One clinical trial compared laser therapy with rubber band ligation in 60 patients with grade 2 and 3 hemorrhoids. Neither group were given any anaesthesia. Complications during the operations and the time taken to perform the procedures were comparable. Pain scores were lower with laser therapy (1.1 versus 2.9) and symptoms were completely better in 90% of people with laser versus 53% with ligation. The grading for hemorrhoids reduced by one in 80% of those treated with laser and 40% with banding. Laser treatment was more expensive than banding in this study.
Another looked of 40 patients at the difference between laser surgery using the carbon dioxide laser and Milligan Morgan hemorrhoidectomy. They found no difference in use of painkillers although pain scores during the first bowel motion after surgery were higher in the laser group. The rates of complications, healing times, recovery times and patient satisfaction scores were similar in the two groups.
A further trial looked at the treatment of advanced hemorrhoids with Nd:YAG laser compared with ‘cold scalpel’ hemorrhoidectomy. They found the Nd:YAG laser was more expensive than scalpel surgery, and had more wound inflammation and separation at ten days. Other outcomes were similar between groups.
A recent study has investigated the use of a scanner to assist laser surgery in 350 patients. Overall, it found the technique to be superior to laser surgery without scanning. 96% of patients used painkillers for up to three days following the operation. 1.42% described their pain as ‘strong’ for a few days but only 0.6% experienced this for over a week. All of the patients were healed by the 40th day after the operation. Complications included nipple bleeding, narrowing of the canal and skin tags. The average return to work day was three days after the operation.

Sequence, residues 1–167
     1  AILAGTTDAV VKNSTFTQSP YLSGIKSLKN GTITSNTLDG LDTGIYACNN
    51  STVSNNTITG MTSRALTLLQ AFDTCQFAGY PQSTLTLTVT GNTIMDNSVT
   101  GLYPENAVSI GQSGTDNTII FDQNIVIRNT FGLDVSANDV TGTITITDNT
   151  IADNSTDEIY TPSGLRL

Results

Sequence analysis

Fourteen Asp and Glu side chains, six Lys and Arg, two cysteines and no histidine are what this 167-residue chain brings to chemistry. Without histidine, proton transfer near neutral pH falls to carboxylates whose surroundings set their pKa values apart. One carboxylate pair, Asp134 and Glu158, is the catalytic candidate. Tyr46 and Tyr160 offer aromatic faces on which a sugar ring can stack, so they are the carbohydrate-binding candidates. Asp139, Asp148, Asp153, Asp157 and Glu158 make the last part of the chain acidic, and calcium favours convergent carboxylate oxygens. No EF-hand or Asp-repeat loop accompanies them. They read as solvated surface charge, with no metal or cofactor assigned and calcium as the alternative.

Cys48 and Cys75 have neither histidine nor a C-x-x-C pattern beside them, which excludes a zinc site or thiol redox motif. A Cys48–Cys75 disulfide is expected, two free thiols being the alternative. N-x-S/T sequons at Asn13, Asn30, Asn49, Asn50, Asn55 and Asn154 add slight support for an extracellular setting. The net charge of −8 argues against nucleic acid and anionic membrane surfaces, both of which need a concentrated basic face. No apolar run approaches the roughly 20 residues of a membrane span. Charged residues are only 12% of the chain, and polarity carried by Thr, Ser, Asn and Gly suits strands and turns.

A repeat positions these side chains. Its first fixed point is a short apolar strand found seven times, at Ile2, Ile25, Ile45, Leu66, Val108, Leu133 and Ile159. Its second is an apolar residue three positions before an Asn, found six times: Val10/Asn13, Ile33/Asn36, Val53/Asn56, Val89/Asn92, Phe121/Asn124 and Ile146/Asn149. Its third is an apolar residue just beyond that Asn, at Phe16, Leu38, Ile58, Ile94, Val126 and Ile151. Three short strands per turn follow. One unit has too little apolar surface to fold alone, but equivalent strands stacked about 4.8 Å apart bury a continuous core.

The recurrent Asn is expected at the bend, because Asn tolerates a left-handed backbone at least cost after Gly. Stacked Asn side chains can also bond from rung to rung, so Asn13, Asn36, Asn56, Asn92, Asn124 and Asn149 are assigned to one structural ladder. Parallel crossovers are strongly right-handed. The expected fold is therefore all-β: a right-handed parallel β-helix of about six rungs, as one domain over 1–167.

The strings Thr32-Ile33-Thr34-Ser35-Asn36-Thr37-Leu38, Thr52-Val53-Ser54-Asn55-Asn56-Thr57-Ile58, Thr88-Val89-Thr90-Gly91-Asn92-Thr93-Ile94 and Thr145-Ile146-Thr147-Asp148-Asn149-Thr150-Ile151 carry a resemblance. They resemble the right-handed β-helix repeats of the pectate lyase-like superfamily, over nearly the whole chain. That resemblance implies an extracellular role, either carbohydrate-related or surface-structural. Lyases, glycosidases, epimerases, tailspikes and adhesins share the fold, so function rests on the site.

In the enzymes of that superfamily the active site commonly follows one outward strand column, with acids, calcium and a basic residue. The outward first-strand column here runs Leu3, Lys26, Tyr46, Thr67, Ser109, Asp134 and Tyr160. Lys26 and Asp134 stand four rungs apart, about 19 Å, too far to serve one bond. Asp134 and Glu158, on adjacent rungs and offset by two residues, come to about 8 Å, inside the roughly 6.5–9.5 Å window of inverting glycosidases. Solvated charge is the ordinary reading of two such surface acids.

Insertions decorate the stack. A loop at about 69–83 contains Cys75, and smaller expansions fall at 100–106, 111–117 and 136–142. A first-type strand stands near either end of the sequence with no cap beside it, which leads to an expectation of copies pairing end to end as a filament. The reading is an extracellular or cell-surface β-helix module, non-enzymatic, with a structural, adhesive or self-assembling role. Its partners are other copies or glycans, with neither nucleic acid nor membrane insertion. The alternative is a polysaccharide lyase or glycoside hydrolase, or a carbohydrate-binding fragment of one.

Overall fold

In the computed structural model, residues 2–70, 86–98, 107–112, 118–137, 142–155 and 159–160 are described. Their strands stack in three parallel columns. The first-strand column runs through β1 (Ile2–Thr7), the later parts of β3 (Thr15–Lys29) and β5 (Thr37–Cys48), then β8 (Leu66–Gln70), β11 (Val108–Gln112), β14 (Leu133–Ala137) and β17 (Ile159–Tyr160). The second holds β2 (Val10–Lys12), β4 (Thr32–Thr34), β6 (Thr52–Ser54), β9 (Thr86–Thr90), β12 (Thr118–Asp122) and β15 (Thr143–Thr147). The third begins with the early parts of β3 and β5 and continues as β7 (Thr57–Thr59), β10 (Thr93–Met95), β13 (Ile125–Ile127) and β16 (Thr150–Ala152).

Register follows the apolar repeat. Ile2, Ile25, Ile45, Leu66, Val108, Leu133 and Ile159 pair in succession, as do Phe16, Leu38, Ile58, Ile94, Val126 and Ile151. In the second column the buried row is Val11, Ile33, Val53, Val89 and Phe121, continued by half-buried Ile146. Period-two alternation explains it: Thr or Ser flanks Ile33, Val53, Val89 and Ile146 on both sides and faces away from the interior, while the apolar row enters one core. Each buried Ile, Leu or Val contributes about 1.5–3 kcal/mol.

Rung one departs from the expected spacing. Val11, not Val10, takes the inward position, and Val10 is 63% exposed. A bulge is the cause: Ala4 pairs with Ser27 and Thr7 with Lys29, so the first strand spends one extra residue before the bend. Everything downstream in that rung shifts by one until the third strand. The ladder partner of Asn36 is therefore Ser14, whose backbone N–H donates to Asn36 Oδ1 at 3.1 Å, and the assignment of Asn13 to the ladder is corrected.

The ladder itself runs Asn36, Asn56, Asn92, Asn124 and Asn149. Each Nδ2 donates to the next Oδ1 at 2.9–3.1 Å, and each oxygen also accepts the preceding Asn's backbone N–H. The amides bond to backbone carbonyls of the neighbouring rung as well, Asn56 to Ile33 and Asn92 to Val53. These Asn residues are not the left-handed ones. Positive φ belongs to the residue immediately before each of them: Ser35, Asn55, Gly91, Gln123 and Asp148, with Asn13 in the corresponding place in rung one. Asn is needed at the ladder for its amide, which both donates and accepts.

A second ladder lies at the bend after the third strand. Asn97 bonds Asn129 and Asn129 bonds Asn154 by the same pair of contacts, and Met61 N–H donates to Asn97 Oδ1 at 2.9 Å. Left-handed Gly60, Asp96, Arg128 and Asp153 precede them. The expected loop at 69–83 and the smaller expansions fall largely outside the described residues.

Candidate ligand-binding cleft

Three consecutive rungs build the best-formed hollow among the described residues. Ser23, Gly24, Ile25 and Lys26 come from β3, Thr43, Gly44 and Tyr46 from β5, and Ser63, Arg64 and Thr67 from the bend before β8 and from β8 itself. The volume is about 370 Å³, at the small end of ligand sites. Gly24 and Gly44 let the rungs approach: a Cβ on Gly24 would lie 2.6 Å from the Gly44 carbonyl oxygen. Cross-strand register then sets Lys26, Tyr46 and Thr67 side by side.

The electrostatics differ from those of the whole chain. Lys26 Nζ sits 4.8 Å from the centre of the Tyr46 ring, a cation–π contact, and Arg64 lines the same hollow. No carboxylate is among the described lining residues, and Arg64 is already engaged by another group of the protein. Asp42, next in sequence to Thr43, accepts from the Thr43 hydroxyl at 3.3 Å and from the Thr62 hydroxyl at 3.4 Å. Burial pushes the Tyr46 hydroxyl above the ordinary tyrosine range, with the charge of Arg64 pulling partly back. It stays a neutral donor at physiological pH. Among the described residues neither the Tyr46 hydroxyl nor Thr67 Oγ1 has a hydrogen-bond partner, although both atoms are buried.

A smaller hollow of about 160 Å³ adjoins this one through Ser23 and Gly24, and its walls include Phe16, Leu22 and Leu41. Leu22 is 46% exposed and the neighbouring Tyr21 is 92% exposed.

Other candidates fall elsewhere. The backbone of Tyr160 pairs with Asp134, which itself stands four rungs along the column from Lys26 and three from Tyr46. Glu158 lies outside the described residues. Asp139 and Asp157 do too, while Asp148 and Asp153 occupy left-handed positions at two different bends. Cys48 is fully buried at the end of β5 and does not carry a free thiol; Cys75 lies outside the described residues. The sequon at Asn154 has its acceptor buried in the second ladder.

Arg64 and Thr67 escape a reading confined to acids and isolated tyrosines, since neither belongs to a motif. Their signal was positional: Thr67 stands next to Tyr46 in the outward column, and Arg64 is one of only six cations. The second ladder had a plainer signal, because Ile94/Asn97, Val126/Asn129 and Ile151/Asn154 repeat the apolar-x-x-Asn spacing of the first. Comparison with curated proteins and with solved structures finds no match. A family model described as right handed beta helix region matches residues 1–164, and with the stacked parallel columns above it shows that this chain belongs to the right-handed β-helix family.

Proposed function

For more information, please watch this YouTube video from The Hemorrhoid Centers at:
Need to read more ? here is some useful websites about hemorrhoids:
Reviews from people who just had laser hemorrhoid surgery… again!
American Gastroenterologist association
Pain excrutiating after hemorrhoid laser surgery, what do i do?
Treat hemorrhoids with surgery in depth review
The hemorrhoid laser procedure technique vs rubber band ligation
New York Gastroenterologist Doctors:
New York Downtown Faculty Prac
156 William St Fl 7
New York, NY 10038
Kalryur Venkat MD
122 Fulton St Fl 4
New York, NY 10038
David S Zimmon MD FACP
David S Zimmon
170 William St Ste 5A
New York, NY 10038
New York Gastroenterologist Doctors google map
13-17 Elizabeth St Ste 608
New York, NY 10013
complete map from google for gastroent
1. Healing Natural Oils. http://www.amoils.com/treatment/hemorrhoids/laser-hemorrhoid-surgery.html. Accessed 04/06/13.
2. Giamundo P, et al. The hemorrhoid laser procedure technique vs rubber band ligation: a randomized trial comparing 2 mini-invasive treatments for second- and third-degree hemorrhoids. Dis Colon Rectum. 2011 Jun;54(6):693-8.
3. Jahanshahi A, et al. Diode laser for treatment of symptomatic hemorrhoid: a short term clinical result of a mini invasive treatment, and one year follow up. Pol Przegl Chir. 2012 Jul;84(7):329-32.
4. Laser Surgery for Hemorrhoids. http://www.slideshare.net/naturalremediesforhemorrhoids/laser-surgery-for-hemorrhoids. Accessed 05/06/13.
5. Fleshman J, et al. Advanced technology in the management of hemorrhoids: Stapling, laser, harmonic scalpel, and ligasure. Journal of Gastrointestinal Surgery. 2002;6(3):299-301.